Wednesday, June 19, 2013

Rs 5,000 cr innovation fund to be launched soon: Pitroda

Rs 5,000 cr innovation fund to be launched soon: Pitroda

National Innovation Council Chairman Sam Pitroda today said a Rs 5,000 crore fund to support innovations would be launched soon.

"We have an innovation fund that we are launching... a Rs 5,000 crore innovations fund with focus on affordability, scalability and sustainability," Pitroda said on the sidelines of an event here.

"The real innovation has to come from the bottom of the pyramid," he added.
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Comment by Anumakonda Jagadeesh

I entirely agree with you! The real innovation has to come from the bottom of the pyramid", Sam Pitrodaji.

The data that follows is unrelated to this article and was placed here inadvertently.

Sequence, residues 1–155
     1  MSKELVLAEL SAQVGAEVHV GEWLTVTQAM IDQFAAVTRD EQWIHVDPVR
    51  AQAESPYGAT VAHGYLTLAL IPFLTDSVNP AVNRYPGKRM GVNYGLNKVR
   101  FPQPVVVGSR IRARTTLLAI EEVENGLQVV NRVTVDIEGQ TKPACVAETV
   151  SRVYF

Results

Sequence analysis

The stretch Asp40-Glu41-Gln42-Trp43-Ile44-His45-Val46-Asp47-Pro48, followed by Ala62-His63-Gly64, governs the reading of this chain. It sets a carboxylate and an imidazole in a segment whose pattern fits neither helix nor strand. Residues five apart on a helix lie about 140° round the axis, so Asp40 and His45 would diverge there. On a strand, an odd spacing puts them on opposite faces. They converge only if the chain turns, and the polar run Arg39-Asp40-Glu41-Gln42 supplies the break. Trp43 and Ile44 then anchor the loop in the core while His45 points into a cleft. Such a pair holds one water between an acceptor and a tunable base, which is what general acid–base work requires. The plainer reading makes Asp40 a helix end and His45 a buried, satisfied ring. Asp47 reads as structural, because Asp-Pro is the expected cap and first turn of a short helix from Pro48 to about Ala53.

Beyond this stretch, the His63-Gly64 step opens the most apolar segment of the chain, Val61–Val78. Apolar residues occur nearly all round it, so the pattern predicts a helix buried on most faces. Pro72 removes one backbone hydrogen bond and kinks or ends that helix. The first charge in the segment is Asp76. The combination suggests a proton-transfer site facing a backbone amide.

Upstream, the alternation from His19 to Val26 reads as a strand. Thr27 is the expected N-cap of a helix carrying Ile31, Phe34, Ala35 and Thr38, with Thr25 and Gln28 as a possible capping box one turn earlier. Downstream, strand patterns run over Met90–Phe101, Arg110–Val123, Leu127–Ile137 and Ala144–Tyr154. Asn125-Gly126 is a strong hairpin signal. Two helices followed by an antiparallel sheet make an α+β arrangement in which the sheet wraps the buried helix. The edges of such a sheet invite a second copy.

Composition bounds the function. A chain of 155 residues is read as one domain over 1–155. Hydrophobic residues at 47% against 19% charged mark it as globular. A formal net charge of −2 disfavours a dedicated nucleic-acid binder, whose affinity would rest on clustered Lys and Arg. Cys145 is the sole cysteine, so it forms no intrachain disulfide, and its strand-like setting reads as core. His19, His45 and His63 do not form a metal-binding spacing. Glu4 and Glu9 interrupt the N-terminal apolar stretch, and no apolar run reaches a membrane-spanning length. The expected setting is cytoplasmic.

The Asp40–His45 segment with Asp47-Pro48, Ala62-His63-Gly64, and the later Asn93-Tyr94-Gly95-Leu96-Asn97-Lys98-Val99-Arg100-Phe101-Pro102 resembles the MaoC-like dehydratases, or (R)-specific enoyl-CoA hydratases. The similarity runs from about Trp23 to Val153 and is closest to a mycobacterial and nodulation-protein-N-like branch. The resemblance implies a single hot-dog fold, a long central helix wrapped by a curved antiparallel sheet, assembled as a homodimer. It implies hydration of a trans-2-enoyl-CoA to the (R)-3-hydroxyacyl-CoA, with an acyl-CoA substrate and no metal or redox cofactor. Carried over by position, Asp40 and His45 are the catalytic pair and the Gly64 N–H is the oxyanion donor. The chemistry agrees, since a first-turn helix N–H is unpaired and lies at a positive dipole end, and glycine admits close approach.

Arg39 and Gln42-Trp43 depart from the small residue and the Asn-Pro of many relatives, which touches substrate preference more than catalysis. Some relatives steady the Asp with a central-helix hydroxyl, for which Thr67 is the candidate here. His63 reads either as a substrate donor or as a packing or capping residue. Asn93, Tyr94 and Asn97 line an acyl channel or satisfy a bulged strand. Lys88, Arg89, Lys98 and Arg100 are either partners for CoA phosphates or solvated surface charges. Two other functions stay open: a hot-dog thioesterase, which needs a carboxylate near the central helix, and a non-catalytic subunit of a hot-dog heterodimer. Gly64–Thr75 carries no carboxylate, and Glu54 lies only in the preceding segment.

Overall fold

Here is a plan of action to achieve the goal.

Innovative Technologies

Innovative Technology is defined as development of technologies or production systems, which are not only appropriate to a social situation at a particular point of time, but also is free from the deleterious effects such as alienation or environmental imbalances. It considers the possible social and environmental changes, and this has built-in flexibility to adjust changing needs. Since such technologies would have to be essentially based on the integrated development of the total region, the concept becomes more wide in its economic, social and political perspective. At the scientific level it poses new challenges for the scientists to devise new technologies that are not available anywhere. It compels the scientists to come out to the people and try to understand them, their needs, their environment, their traditional technologies and skills, understand the science behind such skills based on experience and observation, and then evolve new techniques of production to suit their resources and native genius and meet their needs.